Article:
Moratoriums, Gun Stores and Local Rules & Regulations

This article pulls together points I’ve made in response to the flood of emails sparked by the new gun store Turner Outdoorsman wants to open in San Carlos. I hope you’ll find it useful.

Please keep two things in mind. First, I am not a lawyer, so any point I make involving the law should be viewed with that lack of expertise in mind. Second, the views and opinions expressed here are my own, and do not necessarily represent the opinions or positions of the City of San Carlos or its City Council.

Please don’t quote what I’ve written in any correspondence or discussion you may have with my colleagues. Doing so risks violating the Brown Act, which prohibits elected officials from reaching consensus on an issue outside a meeting open to the public. You are more than welcome to share your opinions. Just don’t quote my views when interacting with my colleagues.

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Will the Council be voting to ban or block the proposed new Turner Outdoorsman store on November 13th?

No. The action the Council will be considering is to establish a moratorium on the opening of any new gun store in San Carlos, which includes Turner.

Establishing such a moratorium does not ban a store from opening. It temporarily prohibits it from gaining the necessary licenses and permits to open.

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What’s a moratorium, and why would the Council authorize one?

A moratorium is essentially a time out to give the Council, and the community, a chance to review some issue affecting San Carlos and decide if existing local laws and regulations need to be modified. A moratorium, in and of itself, doesn’t do anything but “stop the music”, and commit the Council to a review and decision-making process.

The ability to declare a moratorium exists under California law in recognition of the fact that events have a momentum of their own, and can move faster than a deliberative body, like the Council, can react. Making good public decisions takes time, both for elected officials to educate themselves and for them to have time to reflect on what they’ve learned.

Councils typically impose moratoriums when some change in the community is imminent, is reasonably believed to have a significant impact that is inadequately addressed under the current rules and regulations, and may set a precedent which would serve to define or constrain future public decisions simply by occurring.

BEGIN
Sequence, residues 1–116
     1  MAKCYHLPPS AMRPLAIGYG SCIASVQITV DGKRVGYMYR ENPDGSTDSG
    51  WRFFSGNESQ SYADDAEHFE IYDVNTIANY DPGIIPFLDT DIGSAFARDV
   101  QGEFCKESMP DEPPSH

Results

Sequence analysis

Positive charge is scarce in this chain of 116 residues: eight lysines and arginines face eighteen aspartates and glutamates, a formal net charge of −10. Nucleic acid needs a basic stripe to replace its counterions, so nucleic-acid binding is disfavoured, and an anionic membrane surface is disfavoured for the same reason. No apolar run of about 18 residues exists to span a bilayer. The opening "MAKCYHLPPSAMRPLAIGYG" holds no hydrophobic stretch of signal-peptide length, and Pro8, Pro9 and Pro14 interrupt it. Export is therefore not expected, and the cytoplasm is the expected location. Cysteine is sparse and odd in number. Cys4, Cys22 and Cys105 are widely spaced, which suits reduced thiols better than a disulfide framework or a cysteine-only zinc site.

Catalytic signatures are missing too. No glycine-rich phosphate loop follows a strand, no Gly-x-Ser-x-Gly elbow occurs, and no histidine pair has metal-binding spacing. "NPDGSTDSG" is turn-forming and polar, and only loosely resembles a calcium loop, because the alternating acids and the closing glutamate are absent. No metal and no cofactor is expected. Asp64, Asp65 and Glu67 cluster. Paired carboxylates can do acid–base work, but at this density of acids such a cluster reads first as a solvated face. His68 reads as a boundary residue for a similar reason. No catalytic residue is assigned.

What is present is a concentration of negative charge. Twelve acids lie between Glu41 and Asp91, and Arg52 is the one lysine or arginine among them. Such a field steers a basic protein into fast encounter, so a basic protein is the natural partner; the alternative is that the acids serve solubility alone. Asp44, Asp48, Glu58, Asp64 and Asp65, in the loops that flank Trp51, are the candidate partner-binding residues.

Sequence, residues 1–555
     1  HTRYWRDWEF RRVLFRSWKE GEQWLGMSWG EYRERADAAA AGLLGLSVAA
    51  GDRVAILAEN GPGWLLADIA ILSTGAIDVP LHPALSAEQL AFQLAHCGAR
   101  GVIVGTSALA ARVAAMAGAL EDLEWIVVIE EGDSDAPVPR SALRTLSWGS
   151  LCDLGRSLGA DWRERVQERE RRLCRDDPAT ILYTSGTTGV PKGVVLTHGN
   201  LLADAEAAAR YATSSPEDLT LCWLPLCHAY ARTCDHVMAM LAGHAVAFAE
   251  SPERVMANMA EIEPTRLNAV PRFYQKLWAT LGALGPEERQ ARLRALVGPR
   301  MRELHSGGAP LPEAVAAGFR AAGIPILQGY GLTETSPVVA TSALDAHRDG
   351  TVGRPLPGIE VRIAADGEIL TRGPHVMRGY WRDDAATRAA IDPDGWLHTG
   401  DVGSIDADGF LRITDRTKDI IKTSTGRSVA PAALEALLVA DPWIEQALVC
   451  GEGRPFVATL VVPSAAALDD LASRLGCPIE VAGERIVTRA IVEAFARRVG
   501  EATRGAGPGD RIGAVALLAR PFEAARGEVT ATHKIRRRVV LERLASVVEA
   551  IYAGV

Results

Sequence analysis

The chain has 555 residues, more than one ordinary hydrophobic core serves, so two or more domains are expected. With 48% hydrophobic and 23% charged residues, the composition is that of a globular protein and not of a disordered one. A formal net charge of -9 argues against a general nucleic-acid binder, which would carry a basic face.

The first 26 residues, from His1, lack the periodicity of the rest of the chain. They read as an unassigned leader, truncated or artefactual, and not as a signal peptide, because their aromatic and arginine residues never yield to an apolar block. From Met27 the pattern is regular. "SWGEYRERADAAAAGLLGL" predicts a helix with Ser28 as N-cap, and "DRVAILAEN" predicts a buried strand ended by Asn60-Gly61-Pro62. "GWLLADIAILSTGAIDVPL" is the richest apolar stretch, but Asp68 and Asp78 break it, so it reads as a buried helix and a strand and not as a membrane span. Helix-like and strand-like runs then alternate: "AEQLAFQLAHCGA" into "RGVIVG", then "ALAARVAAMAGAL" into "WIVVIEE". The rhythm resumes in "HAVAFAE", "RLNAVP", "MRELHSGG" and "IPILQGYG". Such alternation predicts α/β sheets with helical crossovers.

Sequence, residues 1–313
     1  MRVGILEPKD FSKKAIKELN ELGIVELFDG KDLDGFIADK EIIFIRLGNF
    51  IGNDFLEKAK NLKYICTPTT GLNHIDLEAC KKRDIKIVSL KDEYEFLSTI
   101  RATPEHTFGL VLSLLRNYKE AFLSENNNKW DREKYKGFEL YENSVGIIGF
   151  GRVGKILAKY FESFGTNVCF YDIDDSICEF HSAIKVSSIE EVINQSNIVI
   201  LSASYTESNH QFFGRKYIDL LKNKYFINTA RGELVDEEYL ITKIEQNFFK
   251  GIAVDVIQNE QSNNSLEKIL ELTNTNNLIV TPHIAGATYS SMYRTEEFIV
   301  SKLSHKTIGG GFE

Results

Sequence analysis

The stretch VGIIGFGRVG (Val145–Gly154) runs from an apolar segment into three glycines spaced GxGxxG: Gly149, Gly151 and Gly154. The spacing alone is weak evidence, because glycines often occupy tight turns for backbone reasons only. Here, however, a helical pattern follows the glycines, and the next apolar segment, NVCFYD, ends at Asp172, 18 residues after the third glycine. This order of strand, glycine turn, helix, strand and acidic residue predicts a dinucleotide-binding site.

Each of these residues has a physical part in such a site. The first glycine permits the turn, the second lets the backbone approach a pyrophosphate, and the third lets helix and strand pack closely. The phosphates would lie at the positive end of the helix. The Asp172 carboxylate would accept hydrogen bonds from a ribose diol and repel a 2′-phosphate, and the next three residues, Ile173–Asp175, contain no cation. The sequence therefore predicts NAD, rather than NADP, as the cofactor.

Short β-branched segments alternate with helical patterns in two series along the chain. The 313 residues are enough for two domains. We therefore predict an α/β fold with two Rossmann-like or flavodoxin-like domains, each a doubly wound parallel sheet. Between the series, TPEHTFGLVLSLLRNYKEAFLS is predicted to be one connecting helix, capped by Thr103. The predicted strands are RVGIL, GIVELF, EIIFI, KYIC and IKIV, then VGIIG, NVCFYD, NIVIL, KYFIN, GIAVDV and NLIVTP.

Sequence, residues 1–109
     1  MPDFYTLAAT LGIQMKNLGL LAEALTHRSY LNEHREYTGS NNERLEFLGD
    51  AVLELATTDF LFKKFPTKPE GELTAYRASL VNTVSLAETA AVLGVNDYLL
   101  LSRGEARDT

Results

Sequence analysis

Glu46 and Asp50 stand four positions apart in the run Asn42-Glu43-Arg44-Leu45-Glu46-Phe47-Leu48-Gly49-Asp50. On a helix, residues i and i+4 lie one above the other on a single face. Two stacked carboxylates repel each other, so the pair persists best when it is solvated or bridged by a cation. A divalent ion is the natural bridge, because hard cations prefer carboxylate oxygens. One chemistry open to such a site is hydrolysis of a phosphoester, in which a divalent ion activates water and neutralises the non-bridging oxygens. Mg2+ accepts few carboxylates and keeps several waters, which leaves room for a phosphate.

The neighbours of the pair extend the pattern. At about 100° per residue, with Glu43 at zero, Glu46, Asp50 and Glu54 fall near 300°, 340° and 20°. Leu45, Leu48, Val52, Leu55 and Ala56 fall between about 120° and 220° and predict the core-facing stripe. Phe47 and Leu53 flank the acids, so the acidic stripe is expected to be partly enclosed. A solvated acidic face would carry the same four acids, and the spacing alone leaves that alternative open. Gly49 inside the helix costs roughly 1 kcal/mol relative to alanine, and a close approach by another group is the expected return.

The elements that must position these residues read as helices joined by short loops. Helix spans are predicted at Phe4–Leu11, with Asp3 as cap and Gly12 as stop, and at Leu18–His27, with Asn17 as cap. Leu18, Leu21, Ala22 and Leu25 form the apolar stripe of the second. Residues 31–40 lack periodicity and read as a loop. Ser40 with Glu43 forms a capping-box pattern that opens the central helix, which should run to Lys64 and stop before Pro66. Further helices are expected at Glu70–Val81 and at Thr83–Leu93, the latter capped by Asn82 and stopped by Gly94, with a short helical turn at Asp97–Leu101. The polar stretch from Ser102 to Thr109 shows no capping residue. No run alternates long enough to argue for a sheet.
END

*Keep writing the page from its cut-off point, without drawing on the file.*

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How long does a moratorium last?

Under California law, moratoriums are initially for 45 days. During that 45 day window, they can be extended for up to ten months and 15 days by a further vote of the Council. Later on, moratoriums can be further extended, for up to a total of two years.

This structure is designed to achieve several things, chief among them the following:

  • Give the Council time to decide if, in fact, the situation that sparked the moratorium really warrants study and rule-making. That’s why the initial period is only 45 days, but can be extended.
  • Commit the Council to undertaking whatever review and rule-making it deems appropriate. That’s why moratoriums can only exist for up to two years.

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Do moratoriums change any rules?

In and of themselves, moratoriums change nothing. They’re just a time out. It is perfectly lawful for a council to declare a moratorium, and then let it expire without changing any local law or regulation. Such an outcome simply means the council reviewed the situation which sparked the moratorium, and decided existing rules and regulations were sufficient.

Moratoriums do, however, prevent changes from occurring. For example, in the case of Turner’s proposed new gun store, a moratorium would prohibit city staff from issuing the permits and licenses that Turner would need to open and operate their store.